Sr. Manager, Global Influencer Programs,
Mountain View, CA
Education: BA – Psychology – University of Victoria
Click here to see the other honorees
of the 2014 “Most Powerful Women
in Accounting” awards.
- What advice would you give to female college students about the opportunities for women in the accounting profession?
The accounting profession is a great place for women so don’t judge a book by its cover. For example, my 21-year-old son and his friends think of accounting as boring and routine. Those stereotypes could not be more untrue! Accounting is mostly about problem solving, creating order out of chaos and working well with people, so it’s a perfect fit for many women – we do this so well naturally!
Accounting is a perfect fit for my outgoing and curious personality. Also, no day is ever the same as the one before. That said, my career in accounting happened in a very unconventional way – after getting a degree in psychology I found that I didn’t like working in that field so I made a right turn and went into accounting. Initially I learned on the job, then went back to school and studied to fill any gaps in my knowledge. Over the years, my various roles gave me just the opportunity to invent, fix and create, all things that I very much enjoy. Today, I use my passion for accounting, accountants and bookkeepers to create great things at Intuit. It’s been a great ride and I still love coming to work every day.
- What advice would you give accounting firms on things they could do to better retain and advance more qualified female staff?
Retention best practices apply regardless of gender. It’s all about finding what each employee needs to thrive, then creating that environment for them while helping the business grow. For some employees, that environment is created by helping them juggle work and home life – a flexible work schedule, for example, can be just the ticket. For others, it’s about assigning challenging work and stretch roles – so it’s important to have development plans in place for each employee. And for others, it’s about the title and the pay packet. But regardless, all employees need to feel like they are a valued part of the team and that their opinions matter. Leaders should focus on being open, accessible and create an environment where even the most junior staff member can feel like they are making a difference and part of something bigger than themselves.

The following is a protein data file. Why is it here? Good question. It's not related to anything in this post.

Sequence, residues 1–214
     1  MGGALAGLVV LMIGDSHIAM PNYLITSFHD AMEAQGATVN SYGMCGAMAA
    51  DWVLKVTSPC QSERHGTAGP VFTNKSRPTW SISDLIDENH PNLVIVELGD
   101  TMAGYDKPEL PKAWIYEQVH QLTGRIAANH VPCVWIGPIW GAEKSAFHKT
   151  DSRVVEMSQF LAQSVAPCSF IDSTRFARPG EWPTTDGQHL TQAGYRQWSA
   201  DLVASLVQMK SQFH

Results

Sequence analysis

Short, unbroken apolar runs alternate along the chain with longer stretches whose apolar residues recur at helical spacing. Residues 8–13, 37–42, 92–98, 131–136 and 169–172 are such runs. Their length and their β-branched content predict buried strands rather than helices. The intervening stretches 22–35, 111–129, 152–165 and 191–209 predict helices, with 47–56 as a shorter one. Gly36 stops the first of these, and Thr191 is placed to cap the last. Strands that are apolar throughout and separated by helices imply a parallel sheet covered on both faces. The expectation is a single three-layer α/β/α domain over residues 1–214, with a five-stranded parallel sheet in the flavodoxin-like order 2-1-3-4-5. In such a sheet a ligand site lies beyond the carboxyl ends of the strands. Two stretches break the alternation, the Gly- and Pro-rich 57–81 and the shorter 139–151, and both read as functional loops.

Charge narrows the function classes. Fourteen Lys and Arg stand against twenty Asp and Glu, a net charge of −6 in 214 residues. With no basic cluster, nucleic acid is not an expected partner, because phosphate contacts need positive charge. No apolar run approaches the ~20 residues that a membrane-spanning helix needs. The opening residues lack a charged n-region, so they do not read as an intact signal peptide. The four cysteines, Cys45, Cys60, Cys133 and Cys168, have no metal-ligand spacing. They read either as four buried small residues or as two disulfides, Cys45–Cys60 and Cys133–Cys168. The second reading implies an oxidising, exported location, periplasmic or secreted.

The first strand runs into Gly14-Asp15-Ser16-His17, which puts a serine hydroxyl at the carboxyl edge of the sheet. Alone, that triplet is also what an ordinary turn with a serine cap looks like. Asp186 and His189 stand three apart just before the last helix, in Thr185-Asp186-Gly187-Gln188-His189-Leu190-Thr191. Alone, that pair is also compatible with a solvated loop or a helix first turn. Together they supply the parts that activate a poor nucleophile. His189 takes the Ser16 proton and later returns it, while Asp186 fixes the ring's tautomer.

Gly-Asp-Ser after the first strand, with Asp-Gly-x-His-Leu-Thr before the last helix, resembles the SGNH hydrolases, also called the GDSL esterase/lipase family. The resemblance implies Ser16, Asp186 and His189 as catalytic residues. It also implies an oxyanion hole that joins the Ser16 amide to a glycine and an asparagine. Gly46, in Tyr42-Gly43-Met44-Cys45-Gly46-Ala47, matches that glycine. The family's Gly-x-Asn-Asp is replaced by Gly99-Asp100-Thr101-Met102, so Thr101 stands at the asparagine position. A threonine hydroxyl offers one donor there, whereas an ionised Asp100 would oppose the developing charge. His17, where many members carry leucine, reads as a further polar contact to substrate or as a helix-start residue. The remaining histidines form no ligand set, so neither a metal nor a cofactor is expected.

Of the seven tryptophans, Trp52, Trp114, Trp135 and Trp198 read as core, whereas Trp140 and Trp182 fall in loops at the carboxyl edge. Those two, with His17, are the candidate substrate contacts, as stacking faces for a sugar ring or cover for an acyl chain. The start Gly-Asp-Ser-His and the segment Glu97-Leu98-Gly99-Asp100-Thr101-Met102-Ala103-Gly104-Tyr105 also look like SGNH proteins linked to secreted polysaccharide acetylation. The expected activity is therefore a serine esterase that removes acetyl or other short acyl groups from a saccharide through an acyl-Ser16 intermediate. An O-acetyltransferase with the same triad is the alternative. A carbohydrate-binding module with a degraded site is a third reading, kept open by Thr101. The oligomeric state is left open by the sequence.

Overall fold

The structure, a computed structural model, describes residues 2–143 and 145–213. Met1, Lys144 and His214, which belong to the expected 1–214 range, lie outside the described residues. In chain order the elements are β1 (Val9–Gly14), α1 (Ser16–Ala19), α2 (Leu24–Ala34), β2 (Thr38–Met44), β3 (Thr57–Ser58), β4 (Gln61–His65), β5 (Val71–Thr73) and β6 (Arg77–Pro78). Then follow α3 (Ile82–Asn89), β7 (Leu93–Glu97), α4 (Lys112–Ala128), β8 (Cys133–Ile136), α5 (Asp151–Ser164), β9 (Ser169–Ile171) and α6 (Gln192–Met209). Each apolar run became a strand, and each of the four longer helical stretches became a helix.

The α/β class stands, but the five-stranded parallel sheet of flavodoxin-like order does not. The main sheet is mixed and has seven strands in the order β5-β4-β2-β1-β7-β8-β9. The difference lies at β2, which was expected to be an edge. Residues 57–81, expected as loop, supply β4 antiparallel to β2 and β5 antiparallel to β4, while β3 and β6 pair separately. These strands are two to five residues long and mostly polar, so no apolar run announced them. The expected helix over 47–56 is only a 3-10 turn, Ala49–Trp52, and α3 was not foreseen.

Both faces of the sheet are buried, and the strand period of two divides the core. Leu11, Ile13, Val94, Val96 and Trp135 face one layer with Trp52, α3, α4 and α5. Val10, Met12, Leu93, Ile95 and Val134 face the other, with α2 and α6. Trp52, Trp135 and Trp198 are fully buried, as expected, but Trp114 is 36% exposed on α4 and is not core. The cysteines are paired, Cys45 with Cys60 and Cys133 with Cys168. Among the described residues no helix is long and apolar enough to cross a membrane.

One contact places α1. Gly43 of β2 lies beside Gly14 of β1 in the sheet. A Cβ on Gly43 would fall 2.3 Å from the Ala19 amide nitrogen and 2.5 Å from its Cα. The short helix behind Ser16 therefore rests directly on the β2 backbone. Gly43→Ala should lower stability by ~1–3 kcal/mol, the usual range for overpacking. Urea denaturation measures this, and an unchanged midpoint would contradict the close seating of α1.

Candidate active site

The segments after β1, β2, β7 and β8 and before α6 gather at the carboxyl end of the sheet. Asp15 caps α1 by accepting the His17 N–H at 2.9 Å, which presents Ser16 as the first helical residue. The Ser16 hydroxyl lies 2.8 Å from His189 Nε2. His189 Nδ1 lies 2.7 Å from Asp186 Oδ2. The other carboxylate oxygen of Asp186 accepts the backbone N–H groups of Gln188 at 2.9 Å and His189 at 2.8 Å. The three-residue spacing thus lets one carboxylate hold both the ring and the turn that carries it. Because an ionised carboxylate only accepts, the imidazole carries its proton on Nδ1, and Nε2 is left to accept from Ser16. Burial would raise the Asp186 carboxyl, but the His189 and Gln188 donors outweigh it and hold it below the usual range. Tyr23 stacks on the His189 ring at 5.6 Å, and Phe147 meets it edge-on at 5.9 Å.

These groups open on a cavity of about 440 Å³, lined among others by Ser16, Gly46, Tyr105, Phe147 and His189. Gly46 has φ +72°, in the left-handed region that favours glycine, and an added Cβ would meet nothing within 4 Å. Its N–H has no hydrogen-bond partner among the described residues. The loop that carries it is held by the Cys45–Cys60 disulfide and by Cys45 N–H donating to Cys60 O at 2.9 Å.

- Do you think that there is still a glass ceiling in accounting firm senior management and partner levels, or that the profession has moved to a mostly gender neutral state?
I never experienced a glass ceiling in any of my accounting roles, but at a high level I do see it existing in other countries. When I spoke to large accounting association audiences in the UK the rooms were always full of grey-haired men with very little exception, which tells me the partner structure at most UK firms are still predominantly male. Overall, the US and Canada seem more open to women as leaders and I feel very good about that.
- How have you managed to balance your professional and personal life obligations, whether that includes family, etc?
I have been fortunate to work at forward looking companies, including Intuit, where I’ve been at for the past 10 years. All of my employers (with only one exception) realized that if they don’t allow employees to attend their kid’s key events and be there for their families when needed, retention would suffer greatly. I often take work home, but at the same time I feel “safe” asking for time off if I need it. In past roles, I used to split my day, working at the office when my son was in school, then pick it up again after he went to bed. It worked out really well.
About that “exception” employer? They expected employees to be in the office 100% during working hours with no exceptions. Even sick time was scrutinized and breaks were clicked in and clocked out. As a result, that company had a very high turnover rate because of these policies and I also did not stay long.
- How mobile are you regarding your work? How have mobile devices and apps impacted your productivity and work-life balance?
I am about 75% mobile, although I do go into the office to work most days because I get a lot out of the face time. However, I have my phone connected and with me at all times to be able to quickly respond to anything needed. Additionally, I travel a lot so mobility and connectivity are essential. Overall I’m pretty happy with my productivity and work-life balance.
- What single piece of technology could you absolutely not live without, and why? My Samsung Galaxy 4. It has “Swype,” which allows me to type faster than I can on an iPhone. Also – the integration with a social sites is best in class and the camera just rocks.
- What is your favorite professional mobile app, and why? This is a tough one. I use a lot of apps – airline apps, social apps, time zone apps, etc. If I had to pick my favorite it’s probably What’sApp – it isn’t a “professional” app per se but it allows me to keep in touch with my global teams and influencers so easily. We can create Groups and let everyone know what is going on quickly. Also, it integrates with my contact list seamlessly so I don’t have to maintain separate lists.